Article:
VIETNAM CARE responds to South East Asia flooding

 Cambodia, Vietnam
 Emergency Response
 13th Oct 2011

GENEVA (October 13, 2011) – CARE emergency teams in Vietnam and Cambodia are responding to South-East Asia’s worst flooding in a decade which has left more than 500 dead and more than a million people homeless.
Death tolls are still rising across Vietnam, Cambodia, Laos and Thailand.  Areas in this region face high tides this weekend which will further restrict aid reaching those already in dire need of assistance.
Vietnam has reported 43 deaths, 31 of which are children, from flooding in the Mekong Delta and CARE has received unconfirmed reports that more than 230,000 people have been affected with more than 6,500 hectares of rice fields destroyed in the flooding.

Vietnam is the world's number-two rice exporter and the flooded Mekong Delta region accounts for half the country's rice production. CARE’s Country Director in Vietnam, Peter Newsum said that floodwaters have devastated the regions of An Giang. Long An and Dong Thap in Vietnam.

‘Tens of thousands of people are stranded, have lost their homes and are in urgent need of food, water and shelter,’ Mr Newsum said.

At this stage 17 of Cambodia’s 23 provinces are considered emergency areas and floodwaters are expected to remain high for the days ahead.  CARE understands that 13 per cent of the nation’s rice harvest is at risk of destruction which will cause significant impact on future food security and livelihoods.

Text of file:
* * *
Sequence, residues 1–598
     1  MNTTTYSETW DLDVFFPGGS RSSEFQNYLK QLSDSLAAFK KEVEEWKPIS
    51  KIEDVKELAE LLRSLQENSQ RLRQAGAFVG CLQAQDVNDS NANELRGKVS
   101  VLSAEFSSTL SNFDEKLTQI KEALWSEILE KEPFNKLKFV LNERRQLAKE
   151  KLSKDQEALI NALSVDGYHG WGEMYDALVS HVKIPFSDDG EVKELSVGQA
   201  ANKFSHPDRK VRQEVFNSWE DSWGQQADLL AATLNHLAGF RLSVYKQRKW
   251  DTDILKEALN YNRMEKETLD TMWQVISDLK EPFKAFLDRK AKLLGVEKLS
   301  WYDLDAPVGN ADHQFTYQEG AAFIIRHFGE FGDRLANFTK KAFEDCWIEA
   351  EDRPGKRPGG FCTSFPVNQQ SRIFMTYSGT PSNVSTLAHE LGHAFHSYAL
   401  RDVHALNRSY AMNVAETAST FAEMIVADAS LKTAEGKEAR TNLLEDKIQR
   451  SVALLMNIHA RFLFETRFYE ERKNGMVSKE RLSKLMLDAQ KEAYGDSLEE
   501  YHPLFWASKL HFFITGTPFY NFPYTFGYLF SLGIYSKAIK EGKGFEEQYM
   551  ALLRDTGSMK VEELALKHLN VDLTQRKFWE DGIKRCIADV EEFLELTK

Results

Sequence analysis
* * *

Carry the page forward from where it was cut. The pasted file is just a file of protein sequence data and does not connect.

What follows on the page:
CARE believes that over one million people in Cambodia have been affected.  More than 200 deaths have been reported, half of which were children.   Latest estimates report that 32,000 people have been evacuated with approximately 70 per cent of those evacuees being women and children, as men are staying behind to take care of what was left of their property and livelihoods.

CARE is responding to those most in urgent need of emergency supplies, with an immediate focus on the Cambodian province of Prey Veng which is one of the worst affected areas.  It is expected that the situation in Prey Veng will deteriorate in the next few days as the flooding peaks.

CARE Country Director in Cambodia, Stav Zotalis said at this time the three greatest needs for flood victims were immediate food needs, water / hygiene and livelihoods.

‘Home stocks of food have been destroyed by the rapid rise of flood waters and evacuees have not been able to take sufficient food with them because of the flood water. CARE’s priority now is to distribute food and non food items such as mosquito nets, hygiene kits and water filters for clean water storage,’ Ms Zotalis said.

‘Human and livestock disease will quickly become a major issue as water is up to waist height in some places. The poorest houses and shacks are inundated which means preventing disease is a major priority,’ she said.

Media Note: CARE staff in Cambodia and Vietnam are available for interview.
Media Contact: Sean Burton (Australia), 0419 567 777

About CARE: Founded in 1945, CARE is one of the world’s largest humanitarian aid agencies, headquartered in Switzerland. In over 70 countries, CARE works with the poorest communities to improve basic health and education, enhance rural livelihoods and food security, increase access to clean water and sanitation, expand economic opportunity, and provide lifesaving assistance after disasters. CARE places special focus on working alongside poor women because, equipped with the proper resources, women have the power to help whole families and entire communities escape poverty. Women are at the heart of CARE's community-based efforts to improve education, health and economic opportunity.

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